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Architectural Masterpieces of London

Diliff, CC BY-SA 3.0 , via Wikimedia Commons

Staff writer Mina Yasar discusses must-see architectural landmarks of London. 

I believe that one of the components that makes a city special is it’s cultural heritage. Culture is something changes and evolves with time, and architectural masterpieces of cities are components of that tangible heritage and culture around us. London is a city which contains modern and historical buildings and we are very lucky to have that. Let’s look at to the some of the interesting architectural masterpieces of London.

The Banqueting House

The Banqueting House is one of the architectural landmarks of London. It is also home for a Rubens’ ceiling – the oil painting of the artist Rubens could be seen in the ceiling of the Banqueting House. Peter Paul Rubens is a famous painter born in Germany in 1577; he was interested in Renaissance paintings and went Italy to see those artworks in person. The ceiling from The Banqueting House shows his interest in Renaissance art. Banqueting House is also the only surviving complete building of Whitehall Palace.

2022 was the historical building’s 400th year and it is important not only for architectural history but also for historical events, as it was also home to some positive and negative events in the history. Most of the Whitehall palace was burned in the 17th century; I think we are very lucky to have The Banqueting House now for understanding the magnificence of the buildings in WhiteHall Palace. The designer of The Banqueting House was Inigo Jones, an English architect, designer and artist. He was also known as “the father of the English Palladian style”.

In The Banqueting House, if we look at the building in a detailed way, we see the correct use of proportions and mathematical calculations that are present in the Renaissance style since those proportions were significant in ancient Roman and ancient Greek cultures. Some of the columns are also designed in Ionic and Corinthian style – essential components of a Renaissance building which one see in Italy. I think these could show us the effect of Renaissance architecture on Jones and the building itself.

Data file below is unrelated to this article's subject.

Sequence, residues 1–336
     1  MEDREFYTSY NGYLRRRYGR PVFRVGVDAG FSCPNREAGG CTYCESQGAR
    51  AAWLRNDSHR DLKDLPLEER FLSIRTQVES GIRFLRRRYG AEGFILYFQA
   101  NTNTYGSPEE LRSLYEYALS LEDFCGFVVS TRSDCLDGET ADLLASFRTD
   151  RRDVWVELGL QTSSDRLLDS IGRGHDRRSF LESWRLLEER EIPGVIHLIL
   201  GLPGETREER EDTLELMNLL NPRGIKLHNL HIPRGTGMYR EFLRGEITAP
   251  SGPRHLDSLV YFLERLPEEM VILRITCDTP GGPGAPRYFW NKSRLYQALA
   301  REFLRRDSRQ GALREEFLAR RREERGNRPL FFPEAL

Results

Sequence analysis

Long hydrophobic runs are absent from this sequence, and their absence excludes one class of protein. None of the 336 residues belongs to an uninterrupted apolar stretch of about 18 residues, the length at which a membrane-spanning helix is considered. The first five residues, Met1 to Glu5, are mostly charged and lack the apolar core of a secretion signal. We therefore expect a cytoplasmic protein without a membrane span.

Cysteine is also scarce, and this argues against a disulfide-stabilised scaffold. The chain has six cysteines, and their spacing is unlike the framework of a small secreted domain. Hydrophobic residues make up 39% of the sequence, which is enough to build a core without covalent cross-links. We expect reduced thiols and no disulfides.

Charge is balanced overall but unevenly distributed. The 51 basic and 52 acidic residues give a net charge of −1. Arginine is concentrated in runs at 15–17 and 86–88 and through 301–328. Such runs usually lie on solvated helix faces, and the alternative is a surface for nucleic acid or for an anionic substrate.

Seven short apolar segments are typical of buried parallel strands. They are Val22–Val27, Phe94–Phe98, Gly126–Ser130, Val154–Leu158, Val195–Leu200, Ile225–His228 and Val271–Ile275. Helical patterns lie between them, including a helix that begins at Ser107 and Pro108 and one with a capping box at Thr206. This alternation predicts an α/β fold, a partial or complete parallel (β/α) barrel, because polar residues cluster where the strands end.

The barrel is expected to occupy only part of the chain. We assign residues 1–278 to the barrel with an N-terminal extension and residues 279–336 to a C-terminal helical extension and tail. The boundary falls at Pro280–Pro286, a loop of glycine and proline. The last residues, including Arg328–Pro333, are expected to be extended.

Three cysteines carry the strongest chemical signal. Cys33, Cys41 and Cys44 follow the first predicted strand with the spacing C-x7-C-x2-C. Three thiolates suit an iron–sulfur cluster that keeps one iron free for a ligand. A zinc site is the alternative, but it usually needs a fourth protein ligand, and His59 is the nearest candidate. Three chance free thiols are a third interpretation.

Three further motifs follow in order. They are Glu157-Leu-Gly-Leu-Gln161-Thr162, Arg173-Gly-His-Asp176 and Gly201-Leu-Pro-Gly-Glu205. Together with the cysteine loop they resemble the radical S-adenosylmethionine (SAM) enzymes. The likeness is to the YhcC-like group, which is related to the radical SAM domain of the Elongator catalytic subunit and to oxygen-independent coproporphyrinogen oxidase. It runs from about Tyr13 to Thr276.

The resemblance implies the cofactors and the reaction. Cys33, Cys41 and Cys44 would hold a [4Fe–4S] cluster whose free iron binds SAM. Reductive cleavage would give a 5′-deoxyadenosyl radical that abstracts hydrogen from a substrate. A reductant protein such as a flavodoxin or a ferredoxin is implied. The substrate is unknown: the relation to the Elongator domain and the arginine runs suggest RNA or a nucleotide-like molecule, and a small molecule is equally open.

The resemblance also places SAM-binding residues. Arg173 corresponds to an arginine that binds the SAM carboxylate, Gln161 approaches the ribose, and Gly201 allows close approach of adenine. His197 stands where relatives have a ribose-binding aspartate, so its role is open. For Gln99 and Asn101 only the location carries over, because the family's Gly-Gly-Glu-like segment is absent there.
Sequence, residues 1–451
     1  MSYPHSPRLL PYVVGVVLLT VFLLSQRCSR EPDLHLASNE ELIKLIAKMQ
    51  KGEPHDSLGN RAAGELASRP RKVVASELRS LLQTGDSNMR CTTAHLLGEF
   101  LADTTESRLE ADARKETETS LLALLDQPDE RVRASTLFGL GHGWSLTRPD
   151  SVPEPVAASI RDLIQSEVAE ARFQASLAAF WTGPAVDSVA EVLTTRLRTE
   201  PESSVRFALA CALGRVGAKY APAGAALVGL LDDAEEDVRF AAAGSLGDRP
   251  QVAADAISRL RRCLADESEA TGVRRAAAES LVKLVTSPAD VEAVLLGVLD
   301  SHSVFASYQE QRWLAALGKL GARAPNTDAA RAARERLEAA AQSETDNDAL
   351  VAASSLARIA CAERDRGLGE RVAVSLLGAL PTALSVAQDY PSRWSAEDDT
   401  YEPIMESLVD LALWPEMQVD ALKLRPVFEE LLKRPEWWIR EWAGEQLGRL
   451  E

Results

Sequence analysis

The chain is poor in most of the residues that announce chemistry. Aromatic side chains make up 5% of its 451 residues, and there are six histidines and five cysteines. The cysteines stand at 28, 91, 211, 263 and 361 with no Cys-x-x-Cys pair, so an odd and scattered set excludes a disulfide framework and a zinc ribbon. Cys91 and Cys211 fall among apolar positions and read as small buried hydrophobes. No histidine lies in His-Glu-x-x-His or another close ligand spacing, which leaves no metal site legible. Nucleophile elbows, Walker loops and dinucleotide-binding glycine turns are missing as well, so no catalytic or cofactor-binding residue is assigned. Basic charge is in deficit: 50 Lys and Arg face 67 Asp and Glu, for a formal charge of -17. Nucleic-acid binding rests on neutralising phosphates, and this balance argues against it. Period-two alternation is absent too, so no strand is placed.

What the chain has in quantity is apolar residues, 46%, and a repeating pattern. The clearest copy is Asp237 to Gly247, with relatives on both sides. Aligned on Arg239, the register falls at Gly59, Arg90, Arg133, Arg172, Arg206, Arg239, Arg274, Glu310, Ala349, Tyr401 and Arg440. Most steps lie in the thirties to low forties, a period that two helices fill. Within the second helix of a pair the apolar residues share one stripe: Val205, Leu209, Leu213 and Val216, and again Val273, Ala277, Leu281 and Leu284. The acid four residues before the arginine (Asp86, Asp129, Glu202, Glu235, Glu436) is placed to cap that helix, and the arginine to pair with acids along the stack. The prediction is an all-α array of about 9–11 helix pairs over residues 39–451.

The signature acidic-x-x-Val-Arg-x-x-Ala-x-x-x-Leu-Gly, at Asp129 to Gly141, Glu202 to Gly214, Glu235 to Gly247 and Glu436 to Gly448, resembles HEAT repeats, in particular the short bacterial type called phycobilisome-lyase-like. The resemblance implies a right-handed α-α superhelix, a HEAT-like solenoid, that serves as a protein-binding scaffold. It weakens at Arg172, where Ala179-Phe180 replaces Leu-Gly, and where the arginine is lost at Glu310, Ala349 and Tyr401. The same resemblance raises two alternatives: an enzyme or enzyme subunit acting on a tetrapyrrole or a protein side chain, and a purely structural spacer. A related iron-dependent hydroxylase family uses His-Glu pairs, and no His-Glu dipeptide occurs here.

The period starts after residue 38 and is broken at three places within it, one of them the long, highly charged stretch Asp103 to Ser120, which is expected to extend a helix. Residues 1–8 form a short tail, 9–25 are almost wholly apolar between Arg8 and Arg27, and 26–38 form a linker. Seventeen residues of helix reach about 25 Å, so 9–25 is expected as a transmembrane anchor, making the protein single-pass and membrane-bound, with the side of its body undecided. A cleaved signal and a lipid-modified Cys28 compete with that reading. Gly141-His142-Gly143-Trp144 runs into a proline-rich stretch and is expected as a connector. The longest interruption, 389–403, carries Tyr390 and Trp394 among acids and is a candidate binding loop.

Lloyd’s Building

If you are interested in architectural history, you have probably heard the name Richard Rogers. Rogers designed Lloyd’s building, which has a rectangular core and a central atrium. Rogers is Italian-British architect who was born in 1933, he was one of the architects of the famous Pompidou Centre in Paris, European Court of Human Rights in Strasbourg. The building was opened by Her Majesty The Queen in 1986. I think it is one of the modern landmarks of London and you should visit it.

Westminster Cathedral

I remember the first time I saw this building, I said to myself, “It is amazing.” I loved it at first sight and immediately tried to find the architect of the building because I wanted to see more buildings of this designer. Westminster Cathedral, one of the largest cathedrals in the UK, is located in Francis Street in Westminster. John Francis Bentley is the architect of this cathedral. Bentley is an architect influenced by Byzantine Architecture. You could visit this cathedral with the help of a virtual tour on its website or you could watch a video tour. On the virtual tour, it is possible to see the narthex, the nave, the sanctuary mosaics and many more. The combination of Christian and Byzantine architecture makes the building very impressive. The construction of the Westminster Cathedral started in 1895, and it was completed in 1903. The mosaic around in the cathedral’s main doors are one of the essential parts of that building. The interior of the cathedral was decorated with different marbles. If you have time, you should absolutely see the mosaics in the building because I think the building is a place where present and past meets. It is not a very old building in terms of its construction date but the way the architect designed it makes us feel like the building is older than it is. I think what makes this building essential is the way it represents different architectural styles at the same time.

The Somerset House

As stated in the website of Somerset House, its history starts in 1547 as Edward Seymour, Duke of Somerset, started building a palace for himself. In 1553, Princess Elizabeth moved here. The Treaty of London also was signed in Somerset House. In 1609, Inigo Jones and some other architects started designing some parts of the building. One of the important historical events about this building is that The Royal Academy of Arts was also resident, and the first Royal Academy exhibition happened in Somerset House. In 1989, The Courtauld Institute moved there and today, Somerset House is home to many cultural events.

If you have time you should also see the Royal Albert Hall, Westminster Abbey, Victoria and Albert Museum, Tate Modern, Hayward Gallery and The Wilkins Building.

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